Protecting them since 2000
May 23, 2023
Occasionally a topic comes up which triggers a long forgotten memory. Such is the case for May 23. Today is World Turtle Day; a day which, since the year 2000, has been designated to bring awareness of the need to preserve and rescue turtles and tortoises.
First, a bit about Turtles from the Infallible Wikipedia:
“Turtles are an order of reptiles known as Testudines, characterized by a special shell developed mainly from their ribs. Modern turtles are divided into two major groups, the Pleurodira (side necked turtles) and Cryptodira (hidden necked turtles), which differ in the way the head retracts. There are 360 living and recently extinct species of turtles, including land-dwelling tortoises and freshwater terrapins.”
Granted the scientific information does not really do the animal justice. Turtles are truly fascinating creatures due, in my opinion, to their exoskeleton bone cover which gives them a look unique to other creatures.
Turtles can be gigantic, like the huge leatherback turtle, which can be almost 9 feet in length and weigh more than 1,100 pounds, or as small as the Speckled Cape Tortoise. Native to South Africa it measures no more than 3.9 inches and weighs less than 6.1 ounces.
But back to the long ago memory. It is September 1966 and the long anticipated Central Washington State Fair. In those years, there was one weekday afternoon when every elementary aged school boy and girl was released at noon for “Fair Day.” Oh what a glorious event that was. The horde would descend upon the midway and rides filled with screaming children; cows, goats, and other livestock were terrorized by thousands of small hands all seeking to pet the animals; and the carnival barkers collected every last cent the kids had to spend.
This particular year – and to this day I’m not quite sure HOW it came to be – my sister and I happened upon a booth which was selling turtles. Incredibly cute and tiny turtles. Each one probably cost the
victim buyer 50 cents but those turtles instantly became a ‘must have’ item. So we each got a turtle which, if I remember correctly, was put into a plastic bag partially filled with water and then ‘inflated’ to give the creature air, for us to carry home.
I also cannot recall my mother’s reaction but I imagine she was less than thrilled as a space had to be found for our two new residents. A large round avocado green tub was acquired and an ‘island’ was built inside for the turtles.
My sister and I named our two turtles Gilligan (mine) and the Professor (hers) after two characters from one of the most popular and favorite TV shows of the time “Gilligan’s Island.”
My childhood memory is that we dutifully fed our turtles and took good care of them. No doubt the chore fell mostly to my mother who didn’t want the turtles in the first place.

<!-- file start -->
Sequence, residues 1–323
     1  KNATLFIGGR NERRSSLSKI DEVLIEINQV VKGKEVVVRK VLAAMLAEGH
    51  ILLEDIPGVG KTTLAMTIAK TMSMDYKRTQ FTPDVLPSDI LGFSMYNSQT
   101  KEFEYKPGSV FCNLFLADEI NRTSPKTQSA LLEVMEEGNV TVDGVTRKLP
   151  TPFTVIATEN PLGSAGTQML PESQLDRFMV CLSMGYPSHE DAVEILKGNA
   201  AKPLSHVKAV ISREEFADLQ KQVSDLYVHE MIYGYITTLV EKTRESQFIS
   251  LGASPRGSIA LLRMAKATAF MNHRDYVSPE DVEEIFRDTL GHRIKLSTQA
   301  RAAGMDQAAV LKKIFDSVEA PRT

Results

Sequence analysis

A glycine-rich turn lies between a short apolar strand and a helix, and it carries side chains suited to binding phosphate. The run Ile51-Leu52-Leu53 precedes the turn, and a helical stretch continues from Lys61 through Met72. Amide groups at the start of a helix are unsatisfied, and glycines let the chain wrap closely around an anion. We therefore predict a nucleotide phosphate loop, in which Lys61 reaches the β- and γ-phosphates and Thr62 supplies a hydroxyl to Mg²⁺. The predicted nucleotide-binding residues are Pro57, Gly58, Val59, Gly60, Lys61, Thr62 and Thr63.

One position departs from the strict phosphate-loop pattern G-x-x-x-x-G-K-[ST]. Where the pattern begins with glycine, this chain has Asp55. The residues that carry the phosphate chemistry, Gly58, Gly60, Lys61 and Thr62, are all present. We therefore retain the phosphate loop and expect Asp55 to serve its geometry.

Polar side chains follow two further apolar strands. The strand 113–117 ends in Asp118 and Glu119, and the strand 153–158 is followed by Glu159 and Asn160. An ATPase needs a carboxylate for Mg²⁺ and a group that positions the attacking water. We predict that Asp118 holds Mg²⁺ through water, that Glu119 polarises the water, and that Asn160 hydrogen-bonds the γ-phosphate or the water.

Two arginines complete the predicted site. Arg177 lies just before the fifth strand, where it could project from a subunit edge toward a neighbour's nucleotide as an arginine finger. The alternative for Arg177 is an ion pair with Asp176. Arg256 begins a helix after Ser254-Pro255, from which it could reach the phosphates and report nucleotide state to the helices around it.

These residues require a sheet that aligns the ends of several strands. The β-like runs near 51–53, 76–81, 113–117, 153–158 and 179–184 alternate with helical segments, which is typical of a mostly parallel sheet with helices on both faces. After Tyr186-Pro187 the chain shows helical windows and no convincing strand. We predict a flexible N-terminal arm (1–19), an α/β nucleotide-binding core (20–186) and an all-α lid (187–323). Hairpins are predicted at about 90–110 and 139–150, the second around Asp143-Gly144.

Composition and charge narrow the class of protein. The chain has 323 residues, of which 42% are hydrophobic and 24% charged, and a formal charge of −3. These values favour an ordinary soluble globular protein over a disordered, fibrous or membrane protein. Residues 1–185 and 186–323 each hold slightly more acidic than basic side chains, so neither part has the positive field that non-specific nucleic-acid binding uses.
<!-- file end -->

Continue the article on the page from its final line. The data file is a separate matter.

On it went and then, in the summer of 1967, it was decided that Gilligan and the Professor had outgrown their avocado green paradise and needed to find a new home. That new home, it turned out, was Sportsman Park just east of the Yakima River.
It was a hot summer day when my Dad, sister, and me took the turtles to the designated release spot. My grandmother – Dad’s mom – was along with us and took two pictures that day. On the back of one she wrote “Goodby turtles! Swim Happy! 1967” So my sister and me said our goodbyes, placed them on the ground and watched as they eagerly ran to the water and slipped into the pond, swimming away.
I imagine I was a bit sad watching Gilligan leave but being that I was barely 10 years old, I got over it.
Fast forward to 2013, maybe 2014, and the hubby and I are Geocaching at Sportsman Park in Yakima. As we are walking along a path, I notice there are signs which tell about the various wildlife which lives there. We stop at this one pond and depicted there are pictures of turtles… which look just like Gilligan and the Professor.
I imagine there were other children whose parents also sought new ‘homes’ for turtles which had been brought home as a prize from the fair; I doubt ours were the only such creatures who found a new home in that pond.
On the other hand, while it was common practice to sell animals at fairs in the 1960’s, as a society we’ve come to appreciate that the introduction of non-native species can have a negative effect on the native species and the new habitat. Unfortunately, we didn’t know any better back then. The practice of selling turtles at fairs ended in the mid-1970’s.
So celebrate World Turtle Day through admiration of these amazing creatures and by leaving them alone to be, well, turtles.
For more information, a few links: